Understanding the Viennese artist Hans Makart’s studio requires looking beyond style to matters of science and commerce, subjectivity and power.
Since the middle of the nineteenth century, archaeology has been firmly established as a specific way of exploring the past. So where, then, is the dividing line between history and archaeology?
Threats and Promises: The Marketing and Promotion of Electric Lighting to Women in the United States, 1880s-1960s
Margaret Maile Petty
Examining the development of a specific gendered discourse driven by the electrical industry that united key beliefs about feminine beauty, identity, and the domestic interior.
Introduction by Claudia Wedepohl; Translated by Christopher D. Johnson
An unusual firsthand account of the origins of the distinct approach to the history of images developed by Aby Warburg.
Notes from the Field
Brandbilder: Kunstwerke als Zeugen des Zweiten WeltkriegsIvan Gaskell
When does an artwork become so compromised by damage or deterioration beyond the power of conservators to restore that it loses its artwork character? Can such a damaged thing acquire non-art aesthetic characteristics that compensate, in some sense, for the losses of those aesthetic characteristics it had as an artwork?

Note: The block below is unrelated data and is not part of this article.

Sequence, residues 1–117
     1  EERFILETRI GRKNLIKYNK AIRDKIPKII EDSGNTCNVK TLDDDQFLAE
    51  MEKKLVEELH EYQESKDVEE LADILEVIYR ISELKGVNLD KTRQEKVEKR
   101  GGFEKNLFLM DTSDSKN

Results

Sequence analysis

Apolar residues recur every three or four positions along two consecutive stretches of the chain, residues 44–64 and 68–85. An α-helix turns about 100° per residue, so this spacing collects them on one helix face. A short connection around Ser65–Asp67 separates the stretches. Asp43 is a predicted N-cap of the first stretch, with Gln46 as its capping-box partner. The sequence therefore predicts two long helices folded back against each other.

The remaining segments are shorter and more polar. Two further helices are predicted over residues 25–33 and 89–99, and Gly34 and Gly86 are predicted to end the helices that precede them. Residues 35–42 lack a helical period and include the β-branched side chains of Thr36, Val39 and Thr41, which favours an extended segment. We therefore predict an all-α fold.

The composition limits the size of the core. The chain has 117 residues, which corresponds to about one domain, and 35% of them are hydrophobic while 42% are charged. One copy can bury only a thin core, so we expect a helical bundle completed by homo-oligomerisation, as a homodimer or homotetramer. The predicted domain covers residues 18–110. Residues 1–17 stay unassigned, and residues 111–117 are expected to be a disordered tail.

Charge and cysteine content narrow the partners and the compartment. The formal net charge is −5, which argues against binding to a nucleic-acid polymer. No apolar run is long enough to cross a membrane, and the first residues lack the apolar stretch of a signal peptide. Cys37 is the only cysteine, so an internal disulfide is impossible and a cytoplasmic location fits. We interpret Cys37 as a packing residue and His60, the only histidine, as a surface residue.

After Midnight: Indian Modernism to Contemporary India, 1947/1997Ivan Gaskell
Arshiya Lokhandwala, independent curator and founder of the Lakeeren Gallery in Mumbai, has assembled a fascinating exhibition in two complementary parts that offers visitors to the Queens Museum in Flushing’s Corona Park a selective crash course in Indian art from independence to the present.
Koloman Moser: Designing Modern Vienna 1897–1907Christopher Long
In the spring of 1903, Josef Hoffmann and Koloman Moser founded the Wiener Werkstätte. The company, officially recorded in the commercial court records as the Wiener Werkstätte Productiv-Genossenschaft von Kunsthandwerkern (Productive Cooperative of Artisans), was neither truly a cooperative . . .
Les arts de l’Islam au Musée du LouvreTony Cutler
Readers of West 86th, published in the United States, may be surprised to find here a review of the French edition of this book when there exists a perfectly good English-language translation. The reason is that the latter, and to a lesser extent the former, are already “rare” books. When, soon after the books’ simultaneous . . .
Please Come to the ShowKim Dhillon
I recently purchased a used copy of the art historian Ursula Meyer’s Conceptual Art (1972) on Amazon for £1.76, plus international shipping and postage. It arrived in the post a week or so later after being dispatched from New York to my home in London. When I opened it, I noticed that the inside cover was stamped with the name . . .